That is horrible news. I hate to be pessimistic...but our equine friends are in big trouble in this economy. I am bracing for the stories we are going to start seeing. Love the new babies...tons-o-color!

Twisted Oaks Quarter Horses said...

B.E.C. my weanling's hoof is growing back. He still is not lame and it's healing up nicely. I will be happy when I don't have to bandage it anymore. Andrea I'm glad to here that you think enough of what you breed to do the paperwork. I do mine even if it is sold before I get the breeders certificate back. They get to pick out the name, I still take care of it. I had 3 colts out of my Skipper W mare and they were super cowy and never bucked, they rode of like broke horses. I can't to start playing with my palomino. I usually don't care for that color, she is unique. V.G. I think a lot of the smaller breeders are just breeding and riding what they keep. I'm lucky with my Docs Oak mare, I have a place to go with her babies. We have decided to keep the fillies and sell colts. You can hardly give away a Sorrel colt. P.C. thanks! I usually go for the sorrels, it's not to often that I add color. My boyfriend is color blind, he has inproved on going for the better blood lines.

Becca said...

Callie,don't let anyone tell you that Skipper W horses are not worth the trouble! One of the nicest barrel horses we ever had was a double bred SW. Pretty palomino, that was as sweet as they come. The market down here in Oklahoma is terrible, folks are leaving there horses at the sale barn! Just driving off and leaving them there. I raised babies for several years, but had to sell out because of the market being so weak. You just can't put a stud fee, two years worth of feed and training in one and not get enough to cover your expenses. It was just a hobby for me, all I wanted was to raise nice horses and break even. When you can't do that something is wrong. Good luck with your colorful crew, they look really nice. Stay warm, we haven't even had temps below 55 yet.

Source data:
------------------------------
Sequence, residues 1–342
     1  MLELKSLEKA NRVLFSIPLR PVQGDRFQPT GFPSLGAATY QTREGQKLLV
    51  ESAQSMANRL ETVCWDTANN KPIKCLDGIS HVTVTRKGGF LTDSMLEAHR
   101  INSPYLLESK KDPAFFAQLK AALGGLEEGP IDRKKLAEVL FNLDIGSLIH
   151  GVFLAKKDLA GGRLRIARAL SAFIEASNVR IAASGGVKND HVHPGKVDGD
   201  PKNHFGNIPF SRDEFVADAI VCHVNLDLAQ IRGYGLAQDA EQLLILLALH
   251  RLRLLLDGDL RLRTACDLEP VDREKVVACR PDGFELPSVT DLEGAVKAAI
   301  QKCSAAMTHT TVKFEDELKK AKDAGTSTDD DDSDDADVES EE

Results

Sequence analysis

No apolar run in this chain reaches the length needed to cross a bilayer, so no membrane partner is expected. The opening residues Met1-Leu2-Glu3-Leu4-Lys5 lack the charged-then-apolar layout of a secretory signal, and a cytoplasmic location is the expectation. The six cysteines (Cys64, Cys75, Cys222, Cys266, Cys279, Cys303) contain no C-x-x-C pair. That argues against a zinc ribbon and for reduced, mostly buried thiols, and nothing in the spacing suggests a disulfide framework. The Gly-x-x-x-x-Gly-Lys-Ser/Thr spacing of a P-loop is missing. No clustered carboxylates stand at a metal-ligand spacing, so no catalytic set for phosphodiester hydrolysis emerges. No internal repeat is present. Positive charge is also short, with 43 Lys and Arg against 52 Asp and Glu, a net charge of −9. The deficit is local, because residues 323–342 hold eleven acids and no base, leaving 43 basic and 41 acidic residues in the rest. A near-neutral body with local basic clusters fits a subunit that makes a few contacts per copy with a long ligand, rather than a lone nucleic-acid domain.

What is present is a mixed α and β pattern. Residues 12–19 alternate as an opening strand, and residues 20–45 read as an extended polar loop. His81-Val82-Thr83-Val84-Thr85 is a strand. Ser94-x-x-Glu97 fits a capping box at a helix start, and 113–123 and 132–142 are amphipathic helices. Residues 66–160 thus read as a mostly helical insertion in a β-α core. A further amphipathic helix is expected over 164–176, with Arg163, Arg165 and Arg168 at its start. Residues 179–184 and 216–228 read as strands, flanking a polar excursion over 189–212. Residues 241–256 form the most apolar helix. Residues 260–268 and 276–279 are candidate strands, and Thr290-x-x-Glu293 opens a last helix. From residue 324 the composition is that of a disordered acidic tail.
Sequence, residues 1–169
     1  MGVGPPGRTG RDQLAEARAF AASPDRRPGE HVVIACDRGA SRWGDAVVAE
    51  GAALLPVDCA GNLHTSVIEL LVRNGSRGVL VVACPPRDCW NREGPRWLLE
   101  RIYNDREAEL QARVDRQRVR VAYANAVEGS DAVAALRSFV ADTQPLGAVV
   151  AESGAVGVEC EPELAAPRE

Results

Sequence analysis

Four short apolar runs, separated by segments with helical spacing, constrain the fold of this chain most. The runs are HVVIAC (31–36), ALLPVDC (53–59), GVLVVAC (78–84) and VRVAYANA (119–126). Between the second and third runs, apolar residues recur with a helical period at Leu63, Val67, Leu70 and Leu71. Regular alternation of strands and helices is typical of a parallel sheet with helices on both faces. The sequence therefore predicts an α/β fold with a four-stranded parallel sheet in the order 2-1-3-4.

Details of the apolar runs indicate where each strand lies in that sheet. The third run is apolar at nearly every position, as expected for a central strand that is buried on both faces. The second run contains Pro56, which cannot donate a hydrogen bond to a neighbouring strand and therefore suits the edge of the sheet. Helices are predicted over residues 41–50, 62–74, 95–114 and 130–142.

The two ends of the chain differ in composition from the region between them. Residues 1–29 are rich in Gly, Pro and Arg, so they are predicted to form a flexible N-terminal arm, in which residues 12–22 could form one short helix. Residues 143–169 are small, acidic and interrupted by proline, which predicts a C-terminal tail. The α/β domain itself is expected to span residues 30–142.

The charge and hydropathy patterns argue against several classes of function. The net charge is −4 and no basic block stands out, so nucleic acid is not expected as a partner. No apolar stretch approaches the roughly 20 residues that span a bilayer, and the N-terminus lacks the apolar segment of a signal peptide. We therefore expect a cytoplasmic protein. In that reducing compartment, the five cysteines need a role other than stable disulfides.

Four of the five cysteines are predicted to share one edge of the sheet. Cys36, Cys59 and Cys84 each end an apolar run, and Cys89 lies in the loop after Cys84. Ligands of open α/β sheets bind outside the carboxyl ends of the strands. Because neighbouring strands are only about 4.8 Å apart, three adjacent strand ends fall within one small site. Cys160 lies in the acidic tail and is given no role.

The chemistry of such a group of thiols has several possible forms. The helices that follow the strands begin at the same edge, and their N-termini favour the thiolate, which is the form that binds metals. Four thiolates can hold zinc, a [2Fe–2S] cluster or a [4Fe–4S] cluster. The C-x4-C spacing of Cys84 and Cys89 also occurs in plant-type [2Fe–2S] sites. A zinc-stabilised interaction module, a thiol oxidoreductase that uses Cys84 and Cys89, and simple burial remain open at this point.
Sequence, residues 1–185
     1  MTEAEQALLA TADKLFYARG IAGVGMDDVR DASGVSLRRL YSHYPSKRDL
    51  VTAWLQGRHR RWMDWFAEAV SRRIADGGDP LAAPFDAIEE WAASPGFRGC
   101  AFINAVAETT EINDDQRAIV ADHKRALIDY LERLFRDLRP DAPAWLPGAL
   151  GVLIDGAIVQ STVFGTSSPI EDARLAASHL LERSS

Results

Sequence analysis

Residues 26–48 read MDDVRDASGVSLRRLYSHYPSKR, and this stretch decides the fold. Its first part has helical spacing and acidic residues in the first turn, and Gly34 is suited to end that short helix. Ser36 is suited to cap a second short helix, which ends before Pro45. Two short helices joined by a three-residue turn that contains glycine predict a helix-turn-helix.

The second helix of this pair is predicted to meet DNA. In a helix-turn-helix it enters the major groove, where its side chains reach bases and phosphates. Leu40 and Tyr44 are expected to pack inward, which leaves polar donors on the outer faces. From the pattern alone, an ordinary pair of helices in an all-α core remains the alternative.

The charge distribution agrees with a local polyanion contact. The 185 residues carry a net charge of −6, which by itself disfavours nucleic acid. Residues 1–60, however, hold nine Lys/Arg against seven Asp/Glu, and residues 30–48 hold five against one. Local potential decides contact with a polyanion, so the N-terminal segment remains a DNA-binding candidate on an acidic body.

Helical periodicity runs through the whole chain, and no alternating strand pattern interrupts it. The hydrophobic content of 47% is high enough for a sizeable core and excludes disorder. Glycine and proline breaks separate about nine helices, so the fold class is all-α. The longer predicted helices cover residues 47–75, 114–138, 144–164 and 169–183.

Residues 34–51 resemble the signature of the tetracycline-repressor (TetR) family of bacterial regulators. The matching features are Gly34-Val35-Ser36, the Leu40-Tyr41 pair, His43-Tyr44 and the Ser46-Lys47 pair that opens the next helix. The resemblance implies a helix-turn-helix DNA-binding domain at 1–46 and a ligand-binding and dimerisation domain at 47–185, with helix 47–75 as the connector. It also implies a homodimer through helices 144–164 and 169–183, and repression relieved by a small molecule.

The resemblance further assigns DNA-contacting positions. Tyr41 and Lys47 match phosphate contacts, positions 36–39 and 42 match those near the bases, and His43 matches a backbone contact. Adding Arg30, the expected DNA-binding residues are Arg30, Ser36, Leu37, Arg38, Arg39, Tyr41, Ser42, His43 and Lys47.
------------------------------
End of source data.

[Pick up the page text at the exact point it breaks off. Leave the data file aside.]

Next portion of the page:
Le Cheval Endiablé said...

I am surprised when I see the prices of the horses.
I do not know a foal's price. I know that if you want to buy a horse about 4 years and who learns his job (jumping and dressage) and who has papers, it costs about 1000 euros ($1500 around)
So, when I see $75 I am very surprised.
And if you put your horse at a club for stable and food, it costs about 300 euros for a month (around $450).
So I hope I'll have money enough later to buy a horse.

kdwhorses said...

What cuties you picked up! Looks like a fun winter project!!

It is sad about the sale!

Train Wreck said...

Oh that is terrible. How devestaing to the horse breeders. We just bred one of our mares several months back and recieved the DNA packet in the mail. I hope the economy picks up soon for everyones sake!

Twisted Oaks Quarter Horses said...

Hi becca, this is Callie's blog, but I contribute on it. She will probably want my little gray/buckskin. Like you it is more less a hobby. I sure haven't been able to even break even at it. I get my reward when a horse that I bred and raised goes on to the show pen. My goal is to have one at the NCHA Futurity ever year. This will be the 3rd year. I've had very good luck with my Skipper W horses. I have a Doc Oaks Stud to cross them on. I have a friend with a couple of Playgun studs so we trade. I've heard of people going so far as tying unwanted horses on other people's trailers. It's only going to get worse. Le Chevel the prices seem cheap to buy, the big cost is care. $450 a month seems high. The people closer to the city pay that. People around here in the country can still find it for $250.

Callie said...

Jess is right. I love that little cutie with her feminine face and black points on her ears. She is a cutie.

Strawberry Lane said...

What a sad situation for horses and breeding farms. How horrible to sell at such cheap prices.

Times have changed and that forces more changes down the line. I couldn't possibly sell anything I had raised, much less at an auction for pennies on the dollar.

I worry so much about the horses that don't find homes. Not far from our farm, people are just turning their horses loose.

As you know, the poor starving boy I rescued had only about a month left to live.

I'd honestly take in more if I could.

I have to keep thinking ... times will get better. In the meantime, if I were a breeder ... I wouldn't.